J. Gary Madsen, Plaintiff-appellee, v. the United States of America, Ex Rel. the United Statesarmy, Corps of Engineers, Defendant-appellant, 841 F.2d 1011 (10th Cir. 1987)Annotate this Case
Joanne R. Marvin, Dept. of Justice (Richard K. Willard, Asst. Atty. Gen., Dept. of Justice; William L. Lutz, U.S. Atty., D.N.M.; and Jeffrey Axelrad, Dept. of Justice, with her on the briefs), Washington, D.C., for defendant-appellant.
Bruce P. Moore, Albuquerque, N.M. (Leof T. Strand, Albuquerque, N.M., with him on the brief), for plaintiff-appellee.
Before McKAY, BARRETT and TACHA, Circuit Judges.
McKAY, Circuit Judge.
This appeal presents the issue of whether a military service-member is barred under the Federal Tort Claims Act (FTCA), 28 U.S.C. §§ 2671-2680 (1982), and its jurisdictional component, 28 U.S.C. § 1346(b) (1982), from suing the United States for alleged negligent acts of Army medical personnel while hospitalized in a military medical facility. Gary Madsen was admitted to an Army medical center on November 1, 1981, for treatment of injuries sustained in a motorcycle accident. Mr. Madsen, a Captain in the regular Air Force, was on terminal leave* anticipating his military retirement on December 1, 1981. Upon hospital admission, Mr. Madsen was placed on medical hold status and his retirement was delayed. Mr. Madsen was placed on the Temporary Disability Retired List (TDRL) in March 1982 and was permanently retired from the U.S. Air Force in May 1984.
In June 1984, Mr. Madsen brought suit in federal district court for damages under the FTCA alleging malpractice by Army medical personnel between November 1, 1981, and January 29, 1982, the dates of his initial hospitalization. The Government filed a motion to dismiss claiming the action was barred by the doctrine established in Feres v. United States, 340 U.S. 135, 71 S. Ct. 153, 95 L. Ed. 152 (1950). The district court denied the Government's motion, finding that "the Plaintiff's duty status at the time of his admission to the medical center does not implicate the Feres doctrine." Record, vol. 1, doc. 23, at 5. Simultaneously, the district court sua sponte certified this issue for interlocutory appeal, recognizing that "application of the Feres doctrine would deprive [that c]ourt of subject matter jurisdiction and render further proceedings void...." Id. at 6-7. See 28 U.S.C. § 1292(b) (1982).
A determination of the district court's subject matter jurisdiction is a question of law. Atkinson v. United States, 825 F.2d 202, 204 (9th Cir. 1987). Under the Feres doctrine, members of the uniformed services cannot bring tort suits against the Government for injuries that "arise out of or are in the course of activity incident to service." Feres, 340 U.S. at 146, 71 S. Ct. at 159. Thus, this appeal turns upon (1) establishing Mr. Madsen's status as a hospitalized military servicemember, and (2) determining whether his military medical treatment was incident to military service. If our review shows that Mr. Madsen's military status and medical treatment during the specified period of hospitalization fell within the ambit of the Feres doctrine, the district court is barred from exercising subject matter jurisdiction over further proceedings arising from Mr. Madsen's FTCA claims. See LaBash v. United States Dept. of Army, 668 F.2d 1153, 1156 (10th Cir.), cert. denied, 456 U.S. 1008, 102 S. Ct. 2299, 73 L. Ed. 2d 1303 (1982).
First, neither party disputes that Mr. Madsen was a member of a uniformed service on active duty during his hospitalization at the Army medical center. Plaintiff's counsel admits that " [t]here is no doubt that Mr. Madsen was a member of the armed forces when the medical malpractice occurred. He also was on active duty but this court must carefully consider the nature of his active duty." Answer Brief, at 6. Mr. Madsen argues that between the critical dates of November 1, 1981, and January 29, 1982, he was either on terminal leave or in a status tantamount to military leave or discharge, a status which should allow a FTCA suit. Furthermore, Mr. Madsen claims that, because he was medically unfit for performance of actual military duties while on medical hold, his status was more accurately described as one of "inactive duty."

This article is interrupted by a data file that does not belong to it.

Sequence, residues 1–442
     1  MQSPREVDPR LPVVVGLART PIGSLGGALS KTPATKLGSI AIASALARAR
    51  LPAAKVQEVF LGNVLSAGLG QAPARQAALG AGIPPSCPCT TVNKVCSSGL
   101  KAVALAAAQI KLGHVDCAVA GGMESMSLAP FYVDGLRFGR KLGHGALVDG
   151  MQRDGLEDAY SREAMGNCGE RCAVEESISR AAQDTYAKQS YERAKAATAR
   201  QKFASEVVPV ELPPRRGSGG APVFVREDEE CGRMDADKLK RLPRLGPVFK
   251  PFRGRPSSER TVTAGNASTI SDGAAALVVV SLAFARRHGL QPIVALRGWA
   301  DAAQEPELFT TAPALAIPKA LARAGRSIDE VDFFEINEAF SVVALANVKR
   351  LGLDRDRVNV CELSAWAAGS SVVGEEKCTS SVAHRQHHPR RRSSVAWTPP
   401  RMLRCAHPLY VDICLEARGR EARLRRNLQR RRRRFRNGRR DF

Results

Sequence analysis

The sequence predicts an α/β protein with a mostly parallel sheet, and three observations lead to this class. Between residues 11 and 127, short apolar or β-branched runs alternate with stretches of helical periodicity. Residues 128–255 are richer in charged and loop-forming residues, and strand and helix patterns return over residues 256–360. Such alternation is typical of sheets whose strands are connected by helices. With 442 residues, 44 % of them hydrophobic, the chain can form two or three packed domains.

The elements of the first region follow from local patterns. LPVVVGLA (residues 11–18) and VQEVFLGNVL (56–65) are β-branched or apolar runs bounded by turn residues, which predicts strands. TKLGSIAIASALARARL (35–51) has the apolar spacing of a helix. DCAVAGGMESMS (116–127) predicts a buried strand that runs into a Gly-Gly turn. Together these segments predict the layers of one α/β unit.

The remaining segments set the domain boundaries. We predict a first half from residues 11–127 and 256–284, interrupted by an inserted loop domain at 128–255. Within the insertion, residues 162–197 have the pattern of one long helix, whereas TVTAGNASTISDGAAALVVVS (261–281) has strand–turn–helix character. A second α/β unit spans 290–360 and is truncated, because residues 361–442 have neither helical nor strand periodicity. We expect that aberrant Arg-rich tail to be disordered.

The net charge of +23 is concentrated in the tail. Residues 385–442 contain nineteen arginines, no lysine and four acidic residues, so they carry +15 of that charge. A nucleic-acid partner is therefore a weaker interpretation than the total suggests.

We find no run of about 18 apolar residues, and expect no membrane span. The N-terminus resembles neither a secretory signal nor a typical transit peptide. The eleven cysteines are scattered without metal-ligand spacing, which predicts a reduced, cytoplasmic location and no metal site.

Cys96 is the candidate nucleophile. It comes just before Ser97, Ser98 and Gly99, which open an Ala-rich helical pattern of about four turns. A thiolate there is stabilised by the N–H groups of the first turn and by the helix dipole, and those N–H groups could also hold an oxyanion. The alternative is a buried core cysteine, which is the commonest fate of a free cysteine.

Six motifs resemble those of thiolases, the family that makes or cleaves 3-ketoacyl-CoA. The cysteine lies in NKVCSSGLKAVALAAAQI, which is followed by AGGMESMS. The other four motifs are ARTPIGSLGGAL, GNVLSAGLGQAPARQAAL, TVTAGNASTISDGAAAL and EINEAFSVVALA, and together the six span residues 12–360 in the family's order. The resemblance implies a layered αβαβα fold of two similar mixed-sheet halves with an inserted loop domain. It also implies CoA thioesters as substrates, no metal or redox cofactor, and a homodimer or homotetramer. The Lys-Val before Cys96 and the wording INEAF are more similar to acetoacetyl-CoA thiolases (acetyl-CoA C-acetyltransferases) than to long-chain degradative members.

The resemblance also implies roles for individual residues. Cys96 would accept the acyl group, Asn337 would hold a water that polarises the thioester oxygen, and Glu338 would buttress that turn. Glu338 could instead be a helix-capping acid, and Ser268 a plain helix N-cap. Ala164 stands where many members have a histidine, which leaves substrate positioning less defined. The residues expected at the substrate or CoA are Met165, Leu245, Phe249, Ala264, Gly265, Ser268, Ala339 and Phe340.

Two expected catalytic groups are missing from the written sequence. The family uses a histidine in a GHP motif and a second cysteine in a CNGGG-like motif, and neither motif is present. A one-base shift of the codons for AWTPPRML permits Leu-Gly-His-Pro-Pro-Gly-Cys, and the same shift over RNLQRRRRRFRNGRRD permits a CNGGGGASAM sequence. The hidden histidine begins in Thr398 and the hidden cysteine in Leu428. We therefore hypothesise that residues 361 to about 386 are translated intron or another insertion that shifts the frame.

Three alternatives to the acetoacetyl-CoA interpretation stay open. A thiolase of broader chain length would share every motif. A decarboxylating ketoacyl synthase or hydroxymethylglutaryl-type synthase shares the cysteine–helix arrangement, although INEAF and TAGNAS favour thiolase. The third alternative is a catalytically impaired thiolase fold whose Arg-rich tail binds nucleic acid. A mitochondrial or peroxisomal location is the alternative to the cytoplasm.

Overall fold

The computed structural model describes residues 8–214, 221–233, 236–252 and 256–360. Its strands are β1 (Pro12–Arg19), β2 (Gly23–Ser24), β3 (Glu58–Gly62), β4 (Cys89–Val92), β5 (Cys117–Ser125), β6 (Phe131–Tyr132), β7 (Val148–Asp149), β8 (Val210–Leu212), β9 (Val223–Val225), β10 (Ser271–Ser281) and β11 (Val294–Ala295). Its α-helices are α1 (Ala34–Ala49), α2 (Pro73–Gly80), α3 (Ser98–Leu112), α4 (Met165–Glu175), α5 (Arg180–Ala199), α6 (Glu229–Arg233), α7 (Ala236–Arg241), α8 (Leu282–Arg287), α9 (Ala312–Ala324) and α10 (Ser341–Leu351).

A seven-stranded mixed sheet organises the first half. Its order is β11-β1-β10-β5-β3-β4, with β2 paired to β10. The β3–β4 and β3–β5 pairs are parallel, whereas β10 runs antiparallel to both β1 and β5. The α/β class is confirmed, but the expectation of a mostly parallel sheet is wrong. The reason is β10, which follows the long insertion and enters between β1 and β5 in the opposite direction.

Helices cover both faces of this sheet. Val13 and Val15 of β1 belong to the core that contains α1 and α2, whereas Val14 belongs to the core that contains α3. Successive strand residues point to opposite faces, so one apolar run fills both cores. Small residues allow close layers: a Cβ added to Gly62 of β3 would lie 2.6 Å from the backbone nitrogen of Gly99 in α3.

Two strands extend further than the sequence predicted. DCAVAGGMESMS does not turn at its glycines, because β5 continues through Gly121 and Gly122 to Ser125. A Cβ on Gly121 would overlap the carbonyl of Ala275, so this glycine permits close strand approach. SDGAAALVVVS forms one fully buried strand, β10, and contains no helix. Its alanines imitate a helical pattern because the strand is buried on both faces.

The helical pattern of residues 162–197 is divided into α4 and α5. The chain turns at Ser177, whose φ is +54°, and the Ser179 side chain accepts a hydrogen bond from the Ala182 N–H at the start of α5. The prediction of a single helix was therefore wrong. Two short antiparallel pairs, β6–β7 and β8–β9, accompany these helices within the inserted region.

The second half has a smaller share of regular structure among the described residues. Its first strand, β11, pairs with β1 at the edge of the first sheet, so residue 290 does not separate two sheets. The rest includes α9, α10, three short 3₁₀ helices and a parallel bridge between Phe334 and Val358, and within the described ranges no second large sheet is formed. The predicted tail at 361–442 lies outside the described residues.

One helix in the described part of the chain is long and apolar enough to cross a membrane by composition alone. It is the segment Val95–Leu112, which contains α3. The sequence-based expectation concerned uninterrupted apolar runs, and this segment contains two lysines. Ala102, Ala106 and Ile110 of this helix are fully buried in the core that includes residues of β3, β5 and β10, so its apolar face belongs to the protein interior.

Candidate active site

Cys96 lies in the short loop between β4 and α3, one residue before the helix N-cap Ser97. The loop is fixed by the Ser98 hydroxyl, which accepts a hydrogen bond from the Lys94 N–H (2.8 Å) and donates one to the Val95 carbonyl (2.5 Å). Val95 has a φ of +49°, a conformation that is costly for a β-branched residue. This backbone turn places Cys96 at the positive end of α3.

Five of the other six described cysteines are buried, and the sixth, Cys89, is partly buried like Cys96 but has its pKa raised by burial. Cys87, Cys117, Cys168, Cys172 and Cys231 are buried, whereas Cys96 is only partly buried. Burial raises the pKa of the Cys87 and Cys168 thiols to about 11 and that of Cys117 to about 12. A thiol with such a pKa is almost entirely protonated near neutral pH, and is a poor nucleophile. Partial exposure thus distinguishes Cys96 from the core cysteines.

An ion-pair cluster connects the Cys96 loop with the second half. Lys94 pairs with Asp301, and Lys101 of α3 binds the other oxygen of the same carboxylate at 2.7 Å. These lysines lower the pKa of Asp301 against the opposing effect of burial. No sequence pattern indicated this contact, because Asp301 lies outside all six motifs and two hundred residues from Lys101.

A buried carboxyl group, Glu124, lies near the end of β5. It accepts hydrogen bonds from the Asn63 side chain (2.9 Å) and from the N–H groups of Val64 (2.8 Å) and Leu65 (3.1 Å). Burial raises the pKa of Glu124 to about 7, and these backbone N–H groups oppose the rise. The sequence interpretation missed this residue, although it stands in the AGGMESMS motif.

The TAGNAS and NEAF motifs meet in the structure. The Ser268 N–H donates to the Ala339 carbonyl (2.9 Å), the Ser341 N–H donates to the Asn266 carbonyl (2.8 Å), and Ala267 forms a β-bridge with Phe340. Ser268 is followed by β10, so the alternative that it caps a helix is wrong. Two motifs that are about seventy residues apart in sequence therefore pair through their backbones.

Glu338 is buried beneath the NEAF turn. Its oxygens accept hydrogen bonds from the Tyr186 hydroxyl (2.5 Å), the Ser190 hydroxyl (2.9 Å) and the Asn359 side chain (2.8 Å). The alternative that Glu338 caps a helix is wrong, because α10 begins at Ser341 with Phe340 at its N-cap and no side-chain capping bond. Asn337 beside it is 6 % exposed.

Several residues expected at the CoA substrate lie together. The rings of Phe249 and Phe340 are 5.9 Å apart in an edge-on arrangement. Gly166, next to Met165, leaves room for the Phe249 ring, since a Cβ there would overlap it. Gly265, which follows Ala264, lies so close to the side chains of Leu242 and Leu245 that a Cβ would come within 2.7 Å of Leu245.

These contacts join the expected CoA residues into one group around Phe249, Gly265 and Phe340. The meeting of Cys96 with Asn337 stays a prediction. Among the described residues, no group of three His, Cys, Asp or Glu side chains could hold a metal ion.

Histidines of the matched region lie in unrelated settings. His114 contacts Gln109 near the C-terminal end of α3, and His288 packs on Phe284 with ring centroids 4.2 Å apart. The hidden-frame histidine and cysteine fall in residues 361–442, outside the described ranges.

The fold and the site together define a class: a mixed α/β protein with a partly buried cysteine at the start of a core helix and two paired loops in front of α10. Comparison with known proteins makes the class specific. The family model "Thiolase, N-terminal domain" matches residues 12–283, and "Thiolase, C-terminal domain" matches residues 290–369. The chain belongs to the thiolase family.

Active duty is a formal status. See Kurlan v. Callaway, 510 F.2d 274, 279-80 (2d Cir. 1974). "The Feres decision is not predicated upon the length of time remaining before a serviceman is separated but rather upon his military status at the time of the negligent act." Henning v. United States, 446 F.2d 774, 777 (3d Cir. 1971), cert. denied, 404 U.S. 1016, 92 S. Ct. 676, 30 L. Ed. 2d 664 (1972). See Henninger v. United States, 473 F.2d 814, 815 (9th Cir.), cert. denied, 414 U.S. 819, 94 S. Ct. 43, 38 L. Ed. 2d 51 (1973) (suit for negligent surgery barred when servicemember was completely processed for discharge but not released). Furthermore, the legal relationship created by active duty service is not set aside simply because the "nature" of the servicemember's military involvement seems inconsistent with the performance of actual military duties. See Lampitt v. United States, 753 F.2d 702 (8th Cir.), cert. denied, 472 U.S. 1029, 105 S. Ct. 3505, 87 L. Ed. 2d 636 (1985) (Navy active duty servicemember on convalescent leave barred from bringing medical malpractice suit by the Feres doctrine). Collins v. United States, 642 F.2d 217 (7th Cir.), cert. denied, 452 U.S. 964, 101 S. Ct. 3115, 69 L. Ed. 2d 975 (1981) (suit barred by Air Force Academy cadet for alleged medical malpractice). Terminal leave, or leave taken prior to discharge, is statutorily defined as active duty service. 10 U.S.C. § 701(e) (1982). Like other forms of military leave, terminal leave can be cancelled at any time and the servicemember ordered to report to duty. See Air Force Reg. 35-9, para. 1-32 (7 August 1981). Correspondingly, an active duty servicemember under medical care remains subject to the orders of the hospital commander and the Uniform Code of Military Justice. See Army Reg. 40-2, para. 2-1(a) (change 1, 15 July 1981). While on terminal leave and on medical hold status, Mr. Madsen received active duty pay and accrued annual leave. In addition, he accumulated credit for active duty time later used in computing his military retirement pay. See 10 U.S.C. § 1333 (1982). Therefore, we conclude that Mr. Madsen's undisputed active duty status was clearly encompassed by the Feres doctrine and was not disturbed by his anticipated military retirement nor by the "nature" of his active duty. Cf. Bankston v. United States, 480 F.2d 495, 498 (5th Cir. 1973) (when servicemember was hospitalized on day terminal leave was to end, factual determination was necessary regarding whether discharge had occurred prior to alleged medical negligence).